This report provides a long-term scenario analysis of the three largest federal transfers: Equalization, the Canada Health Transfer and the Canada Social Transfer.
- Based on our long-term projections and under the status quo structure, fiscal capacities will not be equalized across provinces when the growth in Equalization payments is capped at nominal GDP growth.
- That said, removing the GDP growth cap would have only a marginal long‑term impact on federal or subnational sustainability.
- Changes to the rate of resource revenue inclusion affect the distribution of Equalization entitlements to a maximum of (+/‑) 0.4 per cent of GDP in receiving provinces, except in Newfoundland and Labrador (1.8 per cent of GDP).
- Removal of the Fiscal Capacity Cap could affect the distribution of Equalization entitlements by as much as 1.7 per cent of GDP in Newfoundland and Labrador.
Canada Health Transfer (CHT)
- Similar to Equalization, based on the status quo, growth in the CHT envelope is limited to growth in nominal GDP.
- If CHT payments were to grow in line with provincial and territorial health spending, the federal fiscal gap would deteriorate by 0.3 percentage points of GDP. Subnational fiscal gaps would improve by as much as 0.7 per cent of GDP in Prince Edward Island.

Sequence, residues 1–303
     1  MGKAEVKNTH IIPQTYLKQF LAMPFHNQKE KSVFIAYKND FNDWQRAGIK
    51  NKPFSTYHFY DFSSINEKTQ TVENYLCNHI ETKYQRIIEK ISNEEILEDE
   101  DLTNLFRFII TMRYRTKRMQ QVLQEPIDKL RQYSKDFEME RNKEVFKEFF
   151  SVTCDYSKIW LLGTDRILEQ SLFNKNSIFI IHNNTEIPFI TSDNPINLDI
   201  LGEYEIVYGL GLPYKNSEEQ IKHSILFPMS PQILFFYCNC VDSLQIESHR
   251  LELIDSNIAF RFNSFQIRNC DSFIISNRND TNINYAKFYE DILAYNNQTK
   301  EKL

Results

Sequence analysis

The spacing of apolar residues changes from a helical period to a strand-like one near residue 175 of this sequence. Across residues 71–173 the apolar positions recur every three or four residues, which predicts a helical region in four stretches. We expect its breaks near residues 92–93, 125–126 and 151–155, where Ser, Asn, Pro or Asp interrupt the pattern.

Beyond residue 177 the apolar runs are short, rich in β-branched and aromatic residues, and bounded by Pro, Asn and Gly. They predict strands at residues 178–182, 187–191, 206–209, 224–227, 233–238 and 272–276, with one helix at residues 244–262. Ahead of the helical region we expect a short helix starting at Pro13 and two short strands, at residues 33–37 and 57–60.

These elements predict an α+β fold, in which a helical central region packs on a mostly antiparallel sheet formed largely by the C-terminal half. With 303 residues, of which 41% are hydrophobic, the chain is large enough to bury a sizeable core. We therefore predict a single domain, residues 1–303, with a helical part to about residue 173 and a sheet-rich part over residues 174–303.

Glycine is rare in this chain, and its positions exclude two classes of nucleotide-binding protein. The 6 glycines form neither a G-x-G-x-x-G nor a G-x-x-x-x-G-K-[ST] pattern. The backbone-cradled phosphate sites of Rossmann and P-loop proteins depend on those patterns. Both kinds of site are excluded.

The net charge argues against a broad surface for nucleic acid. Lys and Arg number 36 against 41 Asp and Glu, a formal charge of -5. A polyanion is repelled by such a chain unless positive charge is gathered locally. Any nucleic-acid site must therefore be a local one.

- If the CHT were to cover 25 per cent of provincial health spending, the federal fiscal gap would deteriorate by 0.5 per cent of GDP. Subnational fiscal gaps would improve by as much as 1.4 per cent of GDP in Newfoundland and Labrador.
Canada Social Transfer (CST)
- Under the status quo, growth in the CST envelope is limited to 3 per cent annually.
- If CST payments were to grow in line with provincial and territorial education and social spending, the federal fiscal gap would deteriorate by 0.1 per cent of GDP. Provincial and territorial fiscal gaps would improve marginally.
By removing the growth caps for Equalization, the CHT and CST, the federal government could more effectively address fiscal disparities among the provinces and maintain its financial support for health care and social programs over the long term, without putting federal finances on an unsustainable path. That said, these changes would not be sufficient to put most provinces on a sustainable fiscal path.